The following are the best 10 features and resources of Sharepoint 2010:

1. Social Media Investments – status integration with my sites, newsfeeds, my network, all that social media work around my site. You will expect to see this area really expanded through the public beta in terms of best practices and community awareness.  We hope to see some real effort from the community around helping establishing how to take advantage of these features.

2. External lists .  Showing a SQL table with contact information subsequently shown in a SharePoint external contact list, taken offline in the SharePoint Workspace, and contact objects shown in Outlook.  BDC becomes BCS (Business Connectivity Services) with even much easier systems integration.

3. Large lists – the list throttling was shown off in SharePoint 2010, but the real list sizes showing real scale and control from the farm administrator was impressive.  This was definitely used by the competition in the previous version to suggest that SharePoint didn’t scale.  Despite the ability to scale to 5 million items in a list in the 2007 version, the 2000 item limit per view was often suggested as a limit for the list due to poor use by end users of the features such as indexed columns, limiting the views or using folders.  Now with multi column indexes, and better control over item limited views, you can ensure that the queries are optimized and the list throttling and viewing will be better managed for performance of the server and the list.  The happy hour controls is a happy medium for those needing to break out to do queries that are not the best.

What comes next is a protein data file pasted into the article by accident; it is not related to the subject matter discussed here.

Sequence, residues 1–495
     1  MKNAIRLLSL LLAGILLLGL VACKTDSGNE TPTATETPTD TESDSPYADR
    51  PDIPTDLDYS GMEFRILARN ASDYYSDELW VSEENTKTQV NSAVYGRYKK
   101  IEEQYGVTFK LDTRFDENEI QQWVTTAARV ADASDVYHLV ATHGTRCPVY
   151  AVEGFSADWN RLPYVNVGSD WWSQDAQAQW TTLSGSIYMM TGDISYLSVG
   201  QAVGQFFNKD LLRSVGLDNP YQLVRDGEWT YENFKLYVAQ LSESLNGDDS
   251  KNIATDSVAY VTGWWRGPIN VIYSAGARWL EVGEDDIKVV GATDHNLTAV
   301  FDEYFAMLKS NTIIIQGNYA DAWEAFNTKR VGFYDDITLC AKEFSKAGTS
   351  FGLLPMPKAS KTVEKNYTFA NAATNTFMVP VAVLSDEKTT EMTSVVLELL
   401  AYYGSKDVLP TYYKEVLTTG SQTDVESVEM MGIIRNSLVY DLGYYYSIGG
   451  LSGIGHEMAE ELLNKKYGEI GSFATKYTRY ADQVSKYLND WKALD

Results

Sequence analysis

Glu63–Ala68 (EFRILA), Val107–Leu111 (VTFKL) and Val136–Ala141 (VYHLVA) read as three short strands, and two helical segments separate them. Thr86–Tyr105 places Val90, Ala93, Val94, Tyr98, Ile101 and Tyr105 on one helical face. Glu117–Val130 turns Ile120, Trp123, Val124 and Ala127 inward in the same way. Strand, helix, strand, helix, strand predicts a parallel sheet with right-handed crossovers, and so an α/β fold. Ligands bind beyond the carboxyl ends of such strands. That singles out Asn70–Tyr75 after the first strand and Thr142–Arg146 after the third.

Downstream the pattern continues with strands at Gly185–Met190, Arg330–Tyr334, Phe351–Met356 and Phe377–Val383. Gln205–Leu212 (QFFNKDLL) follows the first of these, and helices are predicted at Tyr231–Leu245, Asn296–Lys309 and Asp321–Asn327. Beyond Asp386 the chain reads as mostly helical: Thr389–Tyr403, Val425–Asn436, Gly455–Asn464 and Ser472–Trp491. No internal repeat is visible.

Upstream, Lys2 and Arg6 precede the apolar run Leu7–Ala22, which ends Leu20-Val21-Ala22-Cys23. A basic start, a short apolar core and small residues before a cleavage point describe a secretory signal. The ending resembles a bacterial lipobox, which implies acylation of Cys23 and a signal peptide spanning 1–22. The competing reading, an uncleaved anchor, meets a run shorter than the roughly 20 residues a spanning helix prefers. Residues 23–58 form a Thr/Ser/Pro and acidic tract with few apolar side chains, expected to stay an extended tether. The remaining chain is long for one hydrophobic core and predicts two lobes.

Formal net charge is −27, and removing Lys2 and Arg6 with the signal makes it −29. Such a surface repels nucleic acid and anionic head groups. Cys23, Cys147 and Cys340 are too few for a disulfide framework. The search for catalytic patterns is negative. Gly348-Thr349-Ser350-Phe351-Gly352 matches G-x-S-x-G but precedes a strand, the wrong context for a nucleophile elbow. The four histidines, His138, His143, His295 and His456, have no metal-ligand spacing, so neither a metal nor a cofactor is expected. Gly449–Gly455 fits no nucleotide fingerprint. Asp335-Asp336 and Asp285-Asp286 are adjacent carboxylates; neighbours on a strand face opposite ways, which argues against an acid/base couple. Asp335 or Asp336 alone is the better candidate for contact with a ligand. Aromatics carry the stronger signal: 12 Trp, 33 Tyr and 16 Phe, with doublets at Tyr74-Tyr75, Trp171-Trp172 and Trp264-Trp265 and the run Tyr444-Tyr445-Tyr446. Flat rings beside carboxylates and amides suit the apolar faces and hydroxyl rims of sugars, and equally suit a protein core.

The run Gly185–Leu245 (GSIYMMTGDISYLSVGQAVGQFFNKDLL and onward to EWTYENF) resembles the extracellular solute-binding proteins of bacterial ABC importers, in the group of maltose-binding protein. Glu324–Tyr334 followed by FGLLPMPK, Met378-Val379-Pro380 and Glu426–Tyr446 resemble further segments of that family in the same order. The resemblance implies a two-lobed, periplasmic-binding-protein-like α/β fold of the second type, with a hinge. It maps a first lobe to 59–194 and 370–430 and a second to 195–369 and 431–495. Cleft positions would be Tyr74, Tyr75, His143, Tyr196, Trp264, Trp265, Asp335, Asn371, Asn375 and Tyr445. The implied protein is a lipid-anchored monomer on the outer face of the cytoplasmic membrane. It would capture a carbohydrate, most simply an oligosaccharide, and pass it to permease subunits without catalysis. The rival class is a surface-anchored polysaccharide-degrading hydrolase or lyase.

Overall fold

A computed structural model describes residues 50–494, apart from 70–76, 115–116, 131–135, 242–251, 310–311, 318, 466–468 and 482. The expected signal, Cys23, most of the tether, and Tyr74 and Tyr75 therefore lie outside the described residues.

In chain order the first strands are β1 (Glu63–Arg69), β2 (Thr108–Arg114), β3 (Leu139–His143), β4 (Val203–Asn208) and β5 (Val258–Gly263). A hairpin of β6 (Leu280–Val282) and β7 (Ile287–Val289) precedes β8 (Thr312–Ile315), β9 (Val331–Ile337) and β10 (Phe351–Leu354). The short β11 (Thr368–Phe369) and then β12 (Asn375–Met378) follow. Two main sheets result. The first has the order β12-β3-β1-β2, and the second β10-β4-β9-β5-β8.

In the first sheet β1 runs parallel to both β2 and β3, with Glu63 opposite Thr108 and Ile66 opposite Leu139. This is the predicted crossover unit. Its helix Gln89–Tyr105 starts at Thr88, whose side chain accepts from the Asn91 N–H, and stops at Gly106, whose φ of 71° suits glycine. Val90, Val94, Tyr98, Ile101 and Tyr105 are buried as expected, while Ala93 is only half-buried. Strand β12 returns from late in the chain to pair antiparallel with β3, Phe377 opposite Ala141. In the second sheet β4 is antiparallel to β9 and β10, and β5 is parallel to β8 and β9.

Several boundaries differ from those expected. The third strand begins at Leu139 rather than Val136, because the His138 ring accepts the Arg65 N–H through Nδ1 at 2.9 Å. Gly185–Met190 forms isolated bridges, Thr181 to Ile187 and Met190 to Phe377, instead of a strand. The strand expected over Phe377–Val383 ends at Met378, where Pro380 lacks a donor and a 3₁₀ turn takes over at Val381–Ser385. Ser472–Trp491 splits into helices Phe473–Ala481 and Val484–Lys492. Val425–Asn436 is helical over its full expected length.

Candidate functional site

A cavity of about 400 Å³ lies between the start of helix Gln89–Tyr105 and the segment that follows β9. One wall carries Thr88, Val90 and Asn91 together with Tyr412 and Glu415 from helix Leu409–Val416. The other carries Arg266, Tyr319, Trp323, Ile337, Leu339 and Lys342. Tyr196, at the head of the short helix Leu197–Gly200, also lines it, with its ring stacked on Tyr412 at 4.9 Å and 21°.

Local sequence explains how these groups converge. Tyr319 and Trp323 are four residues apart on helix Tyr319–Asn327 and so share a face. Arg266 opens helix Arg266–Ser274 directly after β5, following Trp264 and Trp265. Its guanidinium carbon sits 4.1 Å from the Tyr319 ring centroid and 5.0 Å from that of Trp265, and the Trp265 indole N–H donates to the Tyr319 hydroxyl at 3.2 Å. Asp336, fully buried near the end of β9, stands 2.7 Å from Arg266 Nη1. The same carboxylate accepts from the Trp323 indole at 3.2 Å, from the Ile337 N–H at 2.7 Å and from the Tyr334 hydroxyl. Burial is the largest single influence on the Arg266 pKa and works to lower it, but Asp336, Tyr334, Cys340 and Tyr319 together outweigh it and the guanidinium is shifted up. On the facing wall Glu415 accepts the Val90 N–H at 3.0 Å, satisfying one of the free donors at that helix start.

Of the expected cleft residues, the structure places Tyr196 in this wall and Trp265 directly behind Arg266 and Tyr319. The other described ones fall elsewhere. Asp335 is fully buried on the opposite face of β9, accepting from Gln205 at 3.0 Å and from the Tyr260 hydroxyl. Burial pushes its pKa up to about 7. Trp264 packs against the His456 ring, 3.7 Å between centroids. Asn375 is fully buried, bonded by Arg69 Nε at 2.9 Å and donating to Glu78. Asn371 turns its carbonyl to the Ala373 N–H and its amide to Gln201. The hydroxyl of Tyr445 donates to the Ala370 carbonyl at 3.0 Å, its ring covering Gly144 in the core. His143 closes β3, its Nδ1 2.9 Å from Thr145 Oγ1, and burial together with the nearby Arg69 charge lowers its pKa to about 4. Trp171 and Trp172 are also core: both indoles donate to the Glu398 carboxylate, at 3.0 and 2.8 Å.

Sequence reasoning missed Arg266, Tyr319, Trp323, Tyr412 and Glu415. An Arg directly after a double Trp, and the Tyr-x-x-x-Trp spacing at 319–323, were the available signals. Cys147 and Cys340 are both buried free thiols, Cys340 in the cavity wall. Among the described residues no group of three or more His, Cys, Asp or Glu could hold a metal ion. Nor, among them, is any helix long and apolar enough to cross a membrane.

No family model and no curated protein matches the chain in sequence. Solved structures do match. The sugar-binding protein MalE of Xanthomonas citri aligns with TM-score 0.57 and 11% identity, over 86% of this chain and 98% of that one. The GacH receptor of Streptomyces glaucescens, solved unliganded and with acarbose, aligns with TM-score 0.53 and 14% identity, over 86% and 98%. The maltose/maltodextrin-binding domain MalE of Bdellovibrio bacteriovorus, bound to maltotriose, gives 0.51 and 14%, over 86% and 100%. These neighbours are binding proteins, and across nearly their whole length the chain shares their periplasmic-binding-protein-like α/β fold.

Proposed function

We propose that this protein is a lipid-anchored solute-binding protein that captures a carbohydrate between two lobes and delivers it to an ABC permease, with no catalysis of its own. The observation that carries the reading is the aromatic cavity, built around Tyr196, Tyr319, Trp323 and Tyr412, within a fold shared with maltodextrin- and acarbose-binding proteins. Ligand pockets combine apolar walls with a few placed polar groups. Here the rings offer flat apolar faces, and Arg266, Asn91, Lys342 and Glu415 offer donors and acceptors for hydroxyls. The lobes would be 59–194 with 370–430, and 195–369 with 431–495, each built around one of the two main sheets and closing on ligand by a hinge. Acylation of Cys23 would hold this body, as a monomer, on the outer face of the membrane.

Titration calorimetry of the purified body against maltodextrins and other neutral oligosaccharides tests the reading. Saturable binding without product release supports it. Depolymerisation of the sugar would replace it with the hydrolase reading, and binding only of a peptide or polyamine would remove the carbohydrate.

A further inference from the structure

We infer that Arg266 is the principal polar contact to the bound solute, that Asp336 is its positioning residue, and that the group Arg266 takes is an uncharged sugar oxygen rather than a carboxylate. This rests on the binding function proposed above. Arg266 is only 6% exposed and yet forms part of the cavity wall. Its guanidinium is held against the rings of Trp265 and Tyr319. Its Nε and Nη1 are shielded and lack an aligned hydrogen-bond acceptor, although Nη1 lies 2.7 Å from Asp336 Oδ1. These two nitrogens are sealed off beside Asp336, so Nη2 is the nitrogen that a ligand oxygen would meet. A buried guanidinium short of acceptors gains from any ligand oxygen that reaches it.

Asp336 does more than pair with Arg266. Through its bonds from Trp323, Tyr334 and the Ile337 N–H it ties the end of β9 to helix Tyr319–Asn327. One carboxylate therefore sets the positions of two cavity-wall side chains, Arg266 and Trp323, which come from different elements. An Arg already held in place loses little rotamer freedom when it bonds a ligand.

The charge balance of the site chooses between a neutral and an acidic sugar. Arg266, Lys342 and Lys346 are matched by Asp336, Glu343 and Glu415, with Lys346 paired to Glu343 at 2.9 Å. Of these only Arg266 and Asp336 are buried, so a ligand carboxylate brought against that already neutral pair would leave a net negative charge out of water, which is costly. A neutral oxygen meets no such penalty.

4. Better Network Differencing & SharePoint Offline in SharePoint Workspace.  It’s still far from the 100% offline browsing experience,  that may be a pipe dream with what can be done with webparts and search.  But now we get lists, and external lists offline as well as what we had before.  The peer to peer is still there, but the SharePoint uses are much more core to the product.  The licensing model pushes this tool mainstream with Office 2010 deployments.  What’s it missing… you gotta know:  Blogs, Wikis, Pages… Of course you can get Blogs RSS feeds in Outlook.  So really it comes down to Wikis and Pages. 

5. High Availability/ Disaster Recovery Innovation. The now built in to be mirroring aware, and the removal of fault tolerance of the services such as scaled out indexing will make it TONS easier and more reliable to backup.  The configuration based backup is huge too.  If you’re not a SharePoint 2007 admin you don’t realize how crazy the backup and unreliable SSP backup/restore was. 

6. Unattached Recovery – We think it’s pretty big deal that the product team decided to invest in the ability to recover from a restored database. The UI is in central admin.  Essentially there is now an API for recovering data out of a database that isn’t in the farm.  This is huge for pulling data out of a snapshot, and really reduces the need for a recovery farm, while we don’t think it fully eliminates that need due to discovery, but that’s another blog.